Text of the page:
6,000 pigs culled and destroyed due to a shortage of butchers

6,000 pigs have been culled and destroyed at farms across England due to a shortage of butchers, the National Pig Association says. Lizzie Wilson, from the body that represents the majority of pig far

6,000 pigs culled and destroyed due to a shortage of butchers

6,000 pigs have been culled and destroyed at farms across England due to a shortage of butchers, the National Pig Association says.

Lizzie Wilson, from the body that represents the majority of pig farmers in the UK, told Sky News that farmers were "devastated" and this was the "worst case scenario".

Ms Wilson explained that the pigs had been "shot and taken away for rendering… the carcasses will be incinerated and sadly won't be used for human consumption, they are literally wasted".

A lack of butchers at abattoirs and processing factories is causing the problem according to the NPA.

"Abattoirs aren't able to slaughter so many pigs as they would ordinarily so they've had to reduce their throughput by about 25% over the last 11 weeks so that means that farmers can't send those pigs to the abattoir and they're having to accommodate them on farm.

"Pig production is a continuous business that can't just be turned off and they have adopted all their contingency plans, they've sourced temporary accommodation, they have 'stocked tighter', they've done everything they possibly can… now they are running out of options".

As farmers run out of space to house pigs, Ms Wilson envisaged that thousands more would have to be euthanized, "the longer we continue without a solution…the more likely we will see more culling on farms because people are getting increasingly desperate", she said.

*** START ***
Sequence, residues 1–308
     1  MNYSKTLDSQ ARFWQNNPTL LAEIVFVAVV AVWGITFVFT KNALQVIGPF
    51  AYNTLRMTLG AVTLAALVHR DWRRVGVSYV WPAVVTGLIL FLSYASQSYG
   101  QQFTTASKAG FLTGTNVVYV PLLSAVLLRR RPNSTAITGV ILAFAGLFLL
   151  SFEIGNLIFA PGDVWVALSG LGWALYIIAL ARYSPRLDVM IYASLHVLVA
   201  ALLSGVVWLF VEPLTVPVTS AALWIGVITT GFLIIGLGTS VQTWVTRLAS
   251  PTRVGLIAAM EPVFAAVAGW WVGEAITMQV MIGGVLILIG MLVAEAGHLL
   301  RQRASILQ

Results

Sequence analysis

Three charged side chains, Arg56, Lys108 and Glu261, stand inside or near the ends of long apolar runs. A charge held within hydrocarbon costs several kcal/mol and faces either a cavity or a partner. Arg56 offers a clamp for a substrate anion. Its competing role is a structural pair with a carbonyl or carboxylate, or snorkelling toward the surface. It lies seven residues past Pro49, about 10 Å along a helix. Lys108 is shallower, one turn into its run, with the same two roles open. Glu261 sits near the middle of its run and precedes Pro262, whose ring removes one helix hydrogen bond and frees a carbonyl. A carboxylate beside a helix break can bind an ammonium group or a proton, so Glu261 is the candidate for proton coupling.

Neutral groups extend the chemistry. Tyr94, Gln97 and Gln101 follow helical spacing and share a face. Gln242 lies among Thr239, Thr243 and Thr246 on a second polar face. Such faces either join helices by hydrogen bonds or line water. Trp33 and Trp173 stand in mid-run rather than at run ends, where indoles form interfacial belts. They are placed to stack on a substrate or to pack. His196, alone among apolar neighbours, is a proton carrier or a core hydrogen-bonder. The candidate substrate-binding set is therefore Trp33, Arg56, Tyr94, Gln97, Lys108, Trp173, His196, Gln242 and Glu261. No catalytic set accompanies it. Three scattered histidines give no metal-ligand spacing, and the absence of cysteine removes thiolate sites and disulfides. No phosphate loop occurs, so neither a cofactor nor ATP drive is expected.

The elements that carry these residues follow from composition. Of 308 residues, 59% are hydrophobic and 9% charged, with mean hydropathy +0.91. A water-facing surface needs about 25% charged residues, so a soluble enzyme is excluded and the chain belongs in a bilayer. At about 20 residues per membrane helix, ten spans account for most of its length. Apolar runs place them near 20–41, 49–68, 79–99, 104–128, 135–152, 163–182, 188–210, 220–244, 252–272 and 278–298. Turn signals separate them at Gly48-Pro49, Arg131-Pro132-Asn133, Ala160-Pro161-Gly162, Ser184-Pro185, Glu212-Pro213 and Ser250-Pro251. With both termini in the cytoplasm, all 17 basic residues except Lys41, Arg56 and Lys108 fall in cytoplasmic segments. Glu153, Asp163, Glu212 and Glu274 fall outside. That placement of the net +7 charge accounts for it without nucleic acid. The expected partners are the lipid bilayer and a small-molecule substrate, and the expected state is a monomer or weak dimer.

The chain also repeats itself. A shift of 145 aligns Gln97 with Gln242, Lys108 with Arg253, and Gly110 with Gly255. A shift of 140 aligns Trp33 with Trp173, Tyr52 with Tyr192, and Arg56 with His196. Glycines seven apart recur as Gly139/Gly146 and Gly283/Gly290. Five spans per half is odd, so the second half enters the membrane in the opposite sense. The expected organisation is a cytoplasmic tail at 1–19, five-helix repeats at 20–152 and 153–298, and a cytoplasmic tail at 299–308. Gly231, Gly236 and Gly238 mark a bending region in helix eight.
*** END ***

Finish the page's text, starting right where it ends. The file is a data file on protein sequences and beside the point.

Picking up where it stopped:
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The NPA had criticised the government's response to the labour crisis but after a number of recent meetings said it now felt "very optimistic" that the government is "listening and trying their best to help us".

The NPA is calling for 12 month temporary visas so their members can access butchery skills from around the world.

A spokesperson for Defra says "We understand the challenges that the pig industry has faced in recent months because of the Covid-19 pandemic, labour shortages, accessing co2 supplies, and reduction in exports to the Chinese market.

"We are keeping the market situation under close review and working closely with the sector during this time."

Farmers across Britain say a combination of Brexit and COVID-19 have sparked an exodus of east European workers from abattoirs and meat processors, leaving pigs to back up in barns and fields across the country.

As the pigs gain weight from the extra time spent on the farm, eating food that has also jumped in price, they risk
passing the size threshold at which abattoirs impose financial penalties because they have become harder to handle.

Last week Prime Minister Boris Johnson drew criticism for appearing to make light of the situation by pointing out the pigs would be killed and made into bacon anyway.